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According to Google, a ghostwriter can be defined as:

a writer who authors books, manuscripts, screenplays, scripts, articles, blog posts, stories, reports, whitepapers, or other texts that are officially credited to another person”

When I read a book part of me feels happy and, unfoundedly, proud for the author despite only knowing them by name. For a moment, I think about who they are, how hard they worked to put the book together and the joy they must have felt in getting to publish it for all to experience. However, when I find out that the name on the cover doesn’t match the name of the person who wrote the text, that part of me feels betrayed because of the unspoken contract between readers and authors that their work is their own. We grow up with the idea of plagiarism, such as this could be considered, being morally wrong yet here it is presented as profitable and acceptable. I am not against the idea of ghostwriters entirely, they obviously feel comfortable with the arrangement they are in and what harm is really done? Readers still get a book to read and writers are paid for the material they create. But ghostwriting a book removes the element of trust and belief a reader has in it and its creator as an unfair advantage is given to some authors over others who may have done all of the writing themselves instead of just slapping their name on the cover.

The release of Zoella’s book Girl Online last year is a prime example of a ghostwritten book that received a lot of criticism. As an Internet celebrity of sorts, Zoella gained a mass of fans in the way she presented herself. Her bubbly and girl-next-door personality made her likeable. In choosing to ghostwrite her book, this online personality gained a contradictory trait of being deceptive, which only went on to enrage the public through her lack of effort for substantial financial gain. With her book selling more copies in its first week that some of the Harry Potter series, the least that could be expected is that it would be genuine. Most of all what we want our money and gratitude to go towards when buying a novel or non-fiction text is those who deserve it. Therefore, when this value is tarnished we can’t help but feel unsatisfied and let down.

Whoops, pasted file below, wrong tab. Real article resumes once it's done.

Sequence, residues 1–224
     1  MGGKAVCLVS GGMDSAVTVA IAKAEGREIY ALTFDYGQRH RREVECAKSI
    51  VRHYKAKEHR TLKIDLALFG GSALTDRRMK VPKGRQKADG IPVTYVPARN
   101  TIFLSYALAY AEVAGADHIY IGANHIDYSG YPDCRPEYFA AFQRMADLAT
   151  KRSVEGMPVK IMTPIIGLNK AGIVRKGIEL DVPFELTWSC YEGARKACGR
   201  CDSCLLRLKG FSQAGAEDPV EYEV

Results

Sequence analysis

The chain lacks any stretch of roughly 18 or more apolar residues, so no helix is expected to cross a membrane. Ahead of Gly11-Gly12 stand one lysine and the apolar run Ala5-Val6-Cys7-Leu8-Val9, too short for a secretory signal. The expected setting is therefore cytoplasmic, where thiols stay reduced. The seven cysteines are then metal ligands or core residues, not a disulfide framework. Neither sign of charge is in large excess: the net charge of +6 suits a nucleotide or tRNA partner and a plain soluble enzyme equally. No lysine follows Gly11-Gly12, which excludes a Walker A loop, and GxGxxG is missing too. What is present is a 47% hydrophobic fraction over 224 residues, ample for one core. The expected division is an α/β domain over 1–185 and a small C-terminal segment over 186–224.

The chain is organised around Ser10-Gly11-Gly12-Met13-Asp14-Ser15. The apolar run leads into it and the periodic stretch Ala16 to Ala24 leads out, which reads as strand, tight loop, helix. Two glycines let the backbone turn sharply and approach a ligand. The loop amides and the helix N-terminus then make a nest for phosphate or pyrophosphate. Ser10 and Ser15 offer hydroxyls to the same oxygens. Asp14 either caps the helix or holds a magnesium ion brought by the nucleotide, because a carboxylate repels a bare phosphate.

This also goes for ghostwriters on social media. Jobs have now been created to set up and maintain social media accounts for companies and individuals to keep them in the social spotlight. Now social media is of great interest to many, it is extendedly important for organisations and celebrities in particular, to interact with their audience in a receptive way, as personality is a large element of what sells an individual on a product or a person. In every instance you and I would be none the wiser to if a book, film or social media account was written by someone other than who we believe it to be as there is no way of knowing what goes on behind the scenes. What it all stems down to the question of how much people really care.

Do people mind if their favourite creators may not be deserving of the credit they receive?  

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